Which are they?: docetaxel, estramustine, paclitaxel and vinblastine.

Topoisomerase inhibitors

How do they work?: attack the enzymes that help cancer cells divide and grow.

What do they treat?: some types of leukemia and lung, ovarian and intestinal cancer, among others.

Which are they?: etoposide, irinotecan, teniposide and topotecan.


How do they work?: act as hormones for the body.

What do they treat?: useful for treating resulting inflammation and can relieve nausea and vomiting after the patient undergoes a round of chemotherapy. They can also prevent allergic reactions to some medication.

Which are they?: prednisone, methylprednisolone and dexamethasone.

The side effects of chemotherapy vary from person to person, even if patients have the same type of cancer and receive the same type of treatment. Some of the most common side effects include:  

    • Fatigue
    • Vomiting
    • Nausea
    • Diarrhea
    • Hair loss
    • Mouth ulcers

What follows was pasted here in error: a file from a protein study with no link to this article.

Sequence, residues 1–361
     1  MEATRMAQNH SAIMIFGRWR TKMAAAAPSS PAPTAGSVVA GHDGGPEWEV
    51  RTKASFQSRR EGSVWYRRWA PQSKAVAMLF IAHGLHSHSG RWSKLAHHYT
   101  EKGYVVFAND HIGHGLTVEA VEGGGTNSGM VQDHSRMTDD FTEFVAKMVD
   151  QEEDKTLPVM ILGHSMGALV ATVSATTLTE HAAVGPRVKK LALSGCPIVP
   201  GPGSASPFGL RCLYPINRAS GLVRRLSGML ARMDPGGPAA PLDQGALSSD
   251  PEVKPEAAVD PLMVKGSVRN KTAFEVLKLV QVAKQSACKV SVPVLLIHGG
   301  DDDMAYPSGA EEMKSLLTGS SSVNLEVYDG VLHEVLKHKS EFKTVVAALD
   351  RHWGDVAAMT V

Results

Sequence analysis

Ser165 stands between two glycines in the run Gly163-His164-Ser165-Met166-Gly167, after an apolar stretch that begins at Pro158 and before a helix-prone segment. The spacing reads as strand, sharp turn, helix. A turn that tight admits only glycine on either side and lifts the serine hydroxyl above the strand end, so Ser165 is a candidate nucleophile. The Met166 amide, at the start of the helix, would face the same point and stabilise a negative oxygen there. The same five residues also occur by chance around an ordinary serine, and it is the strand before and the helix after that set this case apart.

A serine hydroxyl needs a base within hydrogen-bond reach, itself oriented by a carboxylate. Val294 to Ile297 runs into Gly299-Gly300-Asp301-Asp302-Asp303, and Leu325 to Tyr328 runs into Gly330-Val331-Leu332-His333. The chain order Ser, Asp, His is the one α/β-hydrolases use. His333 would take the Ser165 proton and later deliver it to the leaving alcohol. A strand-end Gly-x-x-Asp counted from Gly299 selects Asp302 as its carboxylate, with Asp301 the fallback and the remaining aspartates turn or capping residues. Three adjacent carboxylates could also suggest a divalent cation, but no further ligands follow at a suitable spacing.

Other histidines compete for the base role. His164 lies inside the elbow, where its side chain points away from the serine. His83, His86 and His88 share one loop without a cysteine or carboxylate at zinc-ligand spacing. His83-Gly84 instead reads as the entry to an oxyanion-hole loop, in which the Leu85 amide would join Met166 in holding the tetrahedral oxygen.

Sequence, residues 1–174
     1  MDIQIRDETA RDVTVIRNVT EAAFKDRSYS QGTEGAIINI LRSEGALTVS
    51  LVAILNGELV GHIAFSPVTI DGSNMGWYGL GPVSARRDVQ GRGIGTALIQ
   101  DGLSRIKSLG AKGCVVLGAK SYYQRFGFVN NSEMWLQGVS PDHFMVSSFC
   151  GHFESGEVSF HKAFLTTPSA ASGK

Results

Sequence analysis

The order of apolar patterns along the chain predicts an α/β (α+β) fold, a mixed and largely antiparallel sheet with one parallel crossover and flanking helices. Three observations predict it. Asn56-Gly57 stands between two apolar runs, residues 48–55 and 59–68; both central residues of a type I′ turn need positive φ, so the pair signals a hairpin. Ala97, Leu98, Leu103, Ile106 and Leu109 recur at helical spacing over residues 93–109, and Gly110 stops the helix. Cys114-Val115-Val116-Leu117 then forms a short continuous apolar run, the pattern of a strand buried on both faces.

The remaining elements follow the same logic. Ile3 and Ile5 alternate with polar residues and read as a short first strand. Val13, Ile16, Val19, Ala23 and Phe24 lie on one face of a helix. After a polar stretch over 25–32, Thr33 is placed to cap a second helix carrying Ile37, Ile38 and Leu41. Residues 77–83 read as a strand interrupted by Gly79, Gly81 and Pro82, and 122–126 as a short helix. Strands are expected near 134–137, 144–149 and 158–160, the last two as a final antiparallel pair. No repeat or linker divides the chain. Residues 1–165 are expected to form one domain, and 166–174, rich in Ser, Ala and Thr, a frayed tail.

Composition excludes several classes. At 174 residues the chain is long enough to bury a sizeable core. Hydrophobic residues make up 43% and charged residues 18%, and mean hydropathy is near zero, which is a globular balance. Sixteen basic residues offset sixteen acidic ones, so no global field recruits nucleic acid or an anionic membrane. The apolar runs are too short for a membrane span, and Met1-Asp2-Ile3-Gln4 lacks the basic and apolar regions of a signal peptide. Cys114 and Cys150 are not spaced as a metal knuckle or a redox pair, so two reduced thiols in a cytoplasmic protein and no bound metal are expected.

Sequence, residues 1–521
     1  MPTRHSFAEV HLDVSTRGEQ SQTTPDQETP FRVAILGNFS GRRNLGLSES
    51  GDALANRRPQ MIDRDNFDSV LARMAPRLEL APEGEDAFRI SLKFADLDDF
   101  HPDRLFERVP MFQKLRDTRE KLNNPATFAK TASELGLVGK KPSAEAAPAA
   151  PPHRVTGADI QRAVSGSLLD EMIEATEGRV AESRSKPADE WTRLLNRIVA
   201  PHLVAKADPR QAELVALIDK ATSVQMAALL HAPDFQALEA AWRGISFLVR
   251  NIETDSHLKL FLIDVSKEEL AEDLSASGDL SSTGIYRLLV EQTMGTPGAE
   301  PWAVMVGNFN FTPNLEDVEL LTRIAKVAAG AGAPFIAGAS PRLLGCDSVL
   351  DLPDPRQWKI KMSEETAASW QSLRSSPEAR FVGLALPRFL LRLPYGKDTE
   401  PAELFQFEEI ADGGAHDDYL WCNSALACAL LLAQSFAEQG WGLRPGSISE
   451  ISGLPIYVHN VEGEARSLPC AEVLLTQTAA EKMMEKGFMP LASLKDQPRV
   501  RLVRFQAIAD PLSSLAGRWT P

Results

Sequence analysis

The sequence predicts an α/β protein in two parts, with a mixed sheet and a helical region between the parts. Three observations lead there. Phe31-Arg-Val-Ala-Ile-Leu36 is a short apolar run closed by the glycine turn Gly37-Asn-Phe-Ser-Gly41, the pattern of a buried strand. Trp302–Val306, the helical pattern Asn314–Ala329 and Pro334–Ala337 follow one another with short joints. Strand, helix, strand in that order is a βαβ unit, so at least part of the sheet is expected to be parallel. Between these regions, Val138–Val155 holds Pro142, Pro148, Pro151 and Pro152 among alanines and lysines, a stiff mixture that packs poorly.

• Pain


This type of treatment uses high energy particles or rays to destroy or damage cancer cells to stop them from spreading. Can be administered as a single treatment, or can be combined with surgery or chemotherapy.

Radiation in itself is not painful, but afterwards it can cause pain, fatigue and skin irritation around the area where treatment was received.

The side effects depend on the area of the cancer. For example, if radiation is received in the head or the neck, it can cause dry mouth.

Targeted therapy 

Special medicine or other substances are used to block the growth and spread of cancer to the inside of specific molecules (“specific molecular objects”) that are involved in the growth and progression of cancer.